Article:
Yes, Transhumanists Really Do Want To Achieve Immortality

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The quest for man-made immortality is thousands of years old. With the promise of modern technology, transhumanists are celebrating but prematurely so. Every age old would-be immortal ended up dying in the end. ⁃ TN Editor

The Renaissance philosopher Montaigne quipped that “death has us by the scruff of the neck at every moment.” He could have added: until, finally, it strangles us. But what if we knew how to escape death’s chokehold? What if we could avoid death and live forever?

Immortality might seem like the stuff of science fiction, yet it’s increasingly becoming the focus of real science. In 2013, Google launched Calico, a biotech firm whose objective is to “solve” death. PayPal co-founder Peter Thiel, meanwhile, has pledged to “fight” death. And last year, it was reported Amazon chairman Jeff Bezos had invested in Altos Labs, a company that plans to “rejuvenate” cells in order to “reverse disease.” (Bezos owns The Washington Post.)

There’s even a start-up developing drugs so that dogs can live longer. Clinical trials are scheduled to start this year. If they’re conclusive, the plan is to apply the same science to people.

Immortality — or anti-aging, as researchers soberly call it — is the next big thing. Estimates put the industry’s worth at a staggering $610 billion by 2025.

From Silicon Valley to Cambridge, England, scientists are writing the latest chapter in the tortuous history of our quest for eternal life. It’s a history that goes back a long way.

We’ve been trying forever to live forever. Our species’ oldest story, “The Epic of Gilgamesh,” is about that very longing.

Etched on clay tablets four millennia ago in Mesopotamia, it concerns King Gilgamesh, a “wild bull of a man” with gigantic muscles and an even more gigantic ego. After the death of his best friend, Gilgamesh is forced to confront his own mortality. “Must I die too?” he cries to the heavens.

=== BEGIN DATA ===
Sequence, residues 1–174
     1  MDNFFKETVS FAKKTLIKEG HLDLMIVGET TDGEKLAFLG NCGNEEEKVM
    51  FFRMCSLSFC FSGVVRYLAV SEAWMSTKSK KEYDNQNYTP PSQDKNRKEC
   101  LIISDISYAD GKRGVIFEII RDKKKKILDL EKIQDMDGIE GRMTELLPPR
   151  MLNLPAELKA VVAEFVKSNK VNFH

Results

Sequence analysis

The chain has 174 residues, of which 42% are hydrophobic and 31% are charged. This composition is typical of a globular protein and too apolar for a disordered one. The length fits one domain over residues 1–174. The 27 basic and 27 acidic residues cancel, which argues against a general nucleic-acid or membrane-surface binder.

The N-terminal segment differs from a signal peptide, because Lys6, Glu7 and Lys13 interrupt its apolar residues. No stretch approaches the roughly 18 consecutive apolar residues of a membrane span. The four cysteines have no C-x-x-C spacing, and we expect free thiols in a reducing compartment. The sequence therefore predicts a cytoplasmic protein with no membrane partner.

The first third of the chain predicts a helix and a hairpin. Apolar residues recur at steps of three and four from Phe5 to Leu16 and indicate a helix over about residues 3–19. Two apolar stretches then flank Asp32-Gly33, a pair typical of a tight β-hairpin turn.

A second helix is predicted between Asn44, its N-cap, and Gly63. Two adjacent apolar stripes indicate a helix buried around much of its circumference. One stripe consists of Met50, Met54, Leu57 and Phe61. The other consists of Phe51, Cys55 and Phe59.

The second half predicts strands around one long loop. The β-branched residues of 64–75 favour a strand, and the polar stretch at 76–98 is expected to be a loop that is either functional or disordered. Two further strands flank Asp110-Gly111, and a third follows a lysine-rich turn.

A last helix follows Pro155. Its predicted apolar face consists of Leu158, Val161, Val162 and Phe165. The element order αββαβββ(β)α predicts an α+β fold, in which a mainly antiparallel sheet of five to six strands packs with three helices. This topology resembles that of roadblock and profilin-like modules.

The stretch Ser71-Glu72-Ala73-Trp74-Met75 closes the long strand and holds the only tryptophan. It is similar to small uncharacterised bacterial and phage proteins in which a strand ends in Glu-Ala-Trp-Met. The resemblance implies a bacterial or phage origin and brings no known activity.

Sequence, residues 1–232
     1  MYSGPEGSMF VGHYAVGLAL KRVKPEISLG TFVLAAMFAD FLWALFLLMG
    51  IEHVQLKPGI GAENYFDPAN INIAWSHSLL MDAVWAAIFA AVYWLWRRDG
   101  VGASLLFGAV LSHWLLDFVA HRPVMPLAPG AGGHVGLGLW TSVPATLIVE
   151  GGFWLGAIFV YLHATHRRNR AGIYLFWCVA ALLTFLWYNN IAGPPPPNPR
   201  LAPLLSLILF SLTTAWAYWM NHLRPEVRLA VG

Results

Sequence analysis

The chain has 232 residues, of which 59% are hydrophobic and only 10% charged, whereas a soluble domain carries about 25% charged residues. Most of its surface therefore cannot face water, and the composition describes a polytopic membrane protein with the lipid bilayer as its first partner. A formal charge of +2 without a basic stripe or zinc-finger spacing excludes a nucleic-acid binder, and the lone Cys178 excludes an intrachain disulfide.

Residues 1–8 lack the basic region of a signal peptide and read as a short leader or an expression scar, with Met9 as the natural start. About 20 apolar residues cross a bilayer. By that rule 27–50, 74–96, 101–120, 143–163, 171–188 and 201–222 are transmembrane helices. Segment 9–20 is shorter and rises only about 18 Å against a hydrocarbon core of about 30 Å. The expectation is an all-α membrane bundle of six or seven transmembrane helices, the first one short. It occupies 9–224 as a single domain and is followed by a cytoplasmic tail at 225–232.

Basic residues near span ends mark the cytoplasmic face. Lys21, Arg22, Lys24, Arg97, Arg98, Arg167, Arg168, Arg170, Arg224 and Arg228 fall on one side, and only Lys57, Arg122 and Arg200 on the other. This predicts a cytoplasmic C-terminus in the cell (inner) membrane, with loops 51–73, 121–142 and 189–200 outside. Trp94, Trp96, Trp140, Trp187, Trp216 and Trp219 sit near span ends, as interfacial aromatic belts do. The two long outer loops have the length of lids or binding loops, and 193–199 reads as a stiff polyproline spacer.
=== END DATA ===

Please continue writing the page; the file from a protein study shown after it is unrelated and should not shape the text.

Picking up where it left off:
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About the Author

Patrick Wood
Patrick Wood is a leading and critical expert on Sustainable Development, Green Economy, Agenda 21, 2030 Agenda and historic Technocracy. He is the author of Technocracy Rising: The Trojan Horse of Global Transformation (2015) and co-author of Trilaterals Over Washington, Volumes I and II (1978-1980) with the late Antony C. Sutton.
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Scully

Have these people not seen Jurassic Park? You can’t mess with nature without causing some very serious problems. Immortality is stupid and boring and only the worst people on earth want it because they know they’re not going somewhere good. Living forever would take all the meaning and joy out of life. What purpose would your life have if it went on forever?

Elle

““Must I die too?” he cries to the heavens.”

The quote is really about spiritual knowledge yet unachieved. Spiritually adept individuals KNOW, “you never die”. These sad technocratic concepts of immortality starve spiritual development, are backward, thus juvenile. A few more turns around the wheel for them all is in store.

Last edited 23 days ago by Elle

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